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The pound–US dollar exchange rate continued to climb higher on Wednesday. Anticipation of a more cautious Fed and Brexit optimism helped lift the pair to a high of US$1.3110. This is the highest intraday level that the pair has traded at in three weeks. However, the pound was unable to hold, and the rate closed lower at US$1.3062.
|What do these figures mean?
|When measuring the value of a pair of currencies, one set equals 1 unit and the other shows the current equivalent. As the market moves, the amount will vary from minute to minute.For example, it could be written:1 GBP = 1.28934 USDHere, £1 is equivalent to approximately $1.29. This specifically measures the pound’s worth against the dollar. If the US dollar amount increases in this pairing, it’s positive for the pound. Or, if you were looking at it the other way around:1 USD = 0.77786 GBPIn this example, $1 is equivalent to approximately £0.78. This measures the US dollar’s worth versus the British pound. If the sterling number gets larger, it’s good news for the dollar.
The pound moved higher in the previous session as investors cheered possible progress in Brexit talks. The Spanish foreign minister Joseph Borrell commented that the Brexit deal was being hammered out in Brussels at the moment. This goes against what EU Chief negotiator and EU Commission President Jean-Claude Juncker have been saying, that the EU is not willing to renegotiate. The sudden change in verse boosted hopes that there could still be some flexibility in Brussels, which boosted the pound.
However, Theresa May’s other major problem is getting anything through Parliament. Three pro-EU Conservative ministers defected to the newly created Independent Group party. The move by the Europhiles is an embarrassing setback for Theresa May and her Brexit plan. Any more defectors could pull the pound lower as it increases the chances of the Brexit deal not being voted through.
|Why is a “soft” Brexit better for sterling than a “hard” Brexit?
|A soft Brexit implies anything less than UK’s complete withdrawal from the EU. For example, it could mean the UK retains some form of membership to the European Union single market in exchange for some free movement of people, i.e. immigration. This is considered more positive than a “hard” Brexit, which is a full severance from the EU. The reason “soft” is considered more pound-friendly is because the economic impact would be lower. If there is less negative impact on the economy, foreign investors will continue to invest in the UK. As investment requires local currency, this increased demand for the pound then boosts its value.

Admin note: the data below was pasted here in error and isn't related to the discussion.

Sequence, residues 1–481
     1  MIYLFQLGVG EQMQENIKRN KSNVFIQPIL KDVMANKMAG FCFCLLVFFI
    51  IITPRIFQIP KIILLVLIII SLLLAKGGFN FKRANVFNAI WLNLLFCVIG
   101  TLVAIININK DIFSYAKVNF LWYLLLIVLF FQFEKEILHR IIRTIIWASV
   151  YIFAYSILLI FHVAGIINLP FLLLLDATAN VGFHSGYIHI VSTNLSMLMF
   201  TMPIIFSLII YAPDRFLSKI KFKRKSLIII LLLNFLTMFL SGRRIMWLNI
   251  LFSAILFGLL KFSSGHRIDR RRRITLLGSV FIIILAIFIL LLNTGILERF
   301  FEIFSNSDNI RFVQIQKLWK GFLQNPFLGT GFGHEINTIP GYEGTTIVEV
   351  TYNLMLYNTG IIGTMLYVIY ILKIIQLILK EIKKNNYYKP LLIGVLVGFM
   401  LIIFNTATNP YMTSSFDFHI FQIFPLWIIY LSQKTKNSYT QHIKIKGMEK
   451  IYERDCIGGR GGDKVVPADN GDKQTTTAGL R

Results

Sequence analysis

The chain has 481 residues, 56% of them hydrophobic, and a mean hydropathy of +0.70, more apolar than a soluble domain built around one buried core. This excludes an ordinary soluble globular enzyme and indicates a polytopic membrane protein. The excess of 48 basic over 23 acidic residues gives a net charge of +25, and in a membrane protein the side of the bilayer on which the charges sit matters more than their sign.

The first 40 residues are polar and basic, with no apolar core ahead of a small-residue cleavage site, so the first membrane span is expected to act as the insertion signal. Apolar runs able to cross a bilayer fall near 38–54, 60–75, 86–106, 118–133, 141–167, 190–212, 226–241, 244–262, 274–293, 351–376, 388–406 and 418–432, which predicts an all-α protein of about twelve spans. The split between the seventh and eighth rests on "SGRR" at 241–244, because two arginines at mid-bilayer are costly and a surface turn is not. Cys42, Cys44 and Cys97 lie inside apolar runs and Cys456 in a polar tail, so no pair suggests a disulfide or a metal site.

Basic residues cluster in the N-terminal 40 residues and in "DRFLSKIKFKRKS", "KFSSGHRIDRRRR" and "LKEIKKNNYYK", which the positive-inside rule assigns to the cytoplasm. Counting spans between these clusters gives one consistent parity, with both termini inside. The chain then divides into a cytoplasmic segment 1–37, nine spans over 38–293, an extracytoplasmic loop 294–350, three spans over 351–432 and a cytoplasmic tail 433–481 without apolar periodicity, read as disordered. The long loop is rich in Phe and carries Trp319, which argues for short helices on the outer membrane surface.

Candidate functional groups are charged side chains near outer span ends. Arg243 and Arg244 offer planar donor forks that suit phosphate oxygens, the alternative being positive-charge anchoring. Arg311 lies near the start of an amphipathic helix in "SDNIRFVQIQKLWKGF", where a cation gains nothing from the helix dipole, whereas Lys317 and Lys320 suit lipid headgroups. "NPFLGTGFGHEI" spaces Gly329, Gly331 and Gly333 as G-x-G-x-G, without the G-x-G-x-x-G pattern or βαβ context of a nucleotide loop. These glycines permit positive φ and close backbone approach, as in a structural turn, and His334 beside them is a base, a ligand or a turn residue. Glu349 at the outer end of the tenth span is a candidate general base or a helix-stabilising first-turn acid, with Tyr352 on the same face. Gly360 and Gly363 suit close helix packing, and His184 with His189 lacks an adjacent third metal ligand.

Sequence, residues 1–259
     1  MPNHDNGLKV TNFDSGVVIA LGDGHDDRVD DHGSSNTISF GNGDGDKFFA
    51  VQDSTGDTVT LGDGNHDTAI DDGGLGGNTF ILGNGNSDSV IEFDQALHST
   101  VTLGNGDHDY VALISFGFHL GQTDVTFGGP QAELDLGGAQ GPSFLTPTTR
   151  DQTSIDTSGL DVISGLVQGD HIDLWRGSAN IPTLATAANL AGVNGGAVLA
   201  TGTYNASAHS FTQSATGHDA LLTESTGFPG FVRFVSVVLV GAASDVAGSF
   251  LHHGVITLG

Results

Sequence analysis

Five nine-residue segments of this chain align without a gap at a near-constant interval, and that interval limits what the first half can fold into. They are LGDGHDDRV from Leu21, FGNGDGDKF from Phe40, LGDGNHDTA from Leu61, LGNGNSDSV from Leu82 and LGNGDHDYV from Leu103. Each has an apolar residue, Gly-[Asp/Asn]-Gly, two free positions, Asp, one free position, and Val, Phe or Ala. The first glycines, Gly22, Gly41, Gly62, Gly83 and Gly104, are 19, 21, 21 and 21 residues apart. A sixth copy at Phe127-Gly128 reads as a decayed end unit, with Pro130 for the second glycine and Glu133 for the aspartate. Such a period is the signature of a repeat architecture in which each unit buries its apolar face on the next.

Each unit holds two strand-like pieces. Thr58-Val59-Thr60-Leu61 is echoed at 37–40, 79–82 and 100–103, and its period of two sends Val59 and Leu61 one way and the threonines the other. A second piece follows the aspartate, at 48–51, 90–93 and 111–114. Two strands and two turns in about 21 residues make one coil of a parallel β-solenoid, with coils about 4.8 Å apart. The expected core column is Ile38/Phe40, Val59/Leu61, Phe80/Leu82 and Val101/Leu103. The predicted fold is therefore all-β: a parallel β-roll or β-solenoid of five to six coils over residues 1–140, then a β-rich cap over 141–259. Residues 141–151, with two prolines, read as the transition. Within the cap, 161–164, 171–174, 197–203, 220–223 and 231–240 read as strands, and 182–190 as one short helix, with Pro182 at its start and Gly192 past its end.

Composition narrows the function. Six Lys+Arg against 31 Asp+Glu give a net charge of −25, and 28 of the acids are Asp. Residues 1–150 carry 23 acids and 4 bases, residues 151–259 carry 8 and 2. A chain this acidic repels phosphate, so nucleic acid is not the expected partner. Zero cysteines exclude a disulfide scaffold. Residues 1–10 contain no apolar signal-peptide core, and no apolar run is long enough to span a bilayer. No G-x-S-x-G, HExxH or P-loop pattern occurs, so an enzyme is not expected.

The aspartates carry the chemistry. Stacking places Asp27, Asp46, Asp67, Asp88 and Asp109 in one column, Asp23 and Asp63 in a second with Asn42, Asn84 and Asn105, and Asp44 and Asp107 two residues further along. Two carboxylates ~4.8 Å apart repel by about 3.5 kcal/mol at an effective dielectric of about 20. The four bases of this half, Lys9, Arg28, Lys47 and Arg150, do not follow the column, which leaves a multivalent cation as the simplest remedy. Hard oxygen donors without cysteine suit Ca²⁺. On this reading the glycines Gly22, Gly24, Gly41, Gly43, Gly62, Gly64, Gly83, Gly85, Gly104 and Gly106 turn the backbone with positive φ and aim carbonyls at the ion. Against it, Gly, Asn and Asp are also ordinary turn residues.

The dollar strengthened in later trade on Wednesday despite the Fed minutes from the January meeting showing that the Fed remained cautious. The bar to restarting rate hikes looks high with many members expressing the need for patience. With various negative forces still impacting on the US economy such as trade tensions and global growth concerns, a patient approach to monetary policy is appropriate. However, the Fed left itself some room to raise rates, by saying that if the negative influences eased then a reassessment of the patient approach would be needed. This has lifted hopes slightly that a hike could still happen, which boosted the dollar.
|Why do raised interest rates boost a currency’s value?
|Interest rates are key to understanding exchange rate movements. Those who have large sums of money to invest want the highest return on their investments. Higher interest rate environments tend to offer higher yields. So, if the interest rate or at least the interest rate expectation of a country is relatively higher compared to another, then it attracts more foreign capital investment. Large corporations and investors need local currency to invest. More local currency used then boosts the demand of that currency, pushing the value higher.
Today investors will be faced with a barrage of US data. The most notable will be US durable goods. This will give investors a good indication over the health of the US economy. Market participants will also look closely at manufacturing PMI. Strong data could help lift the dollar.
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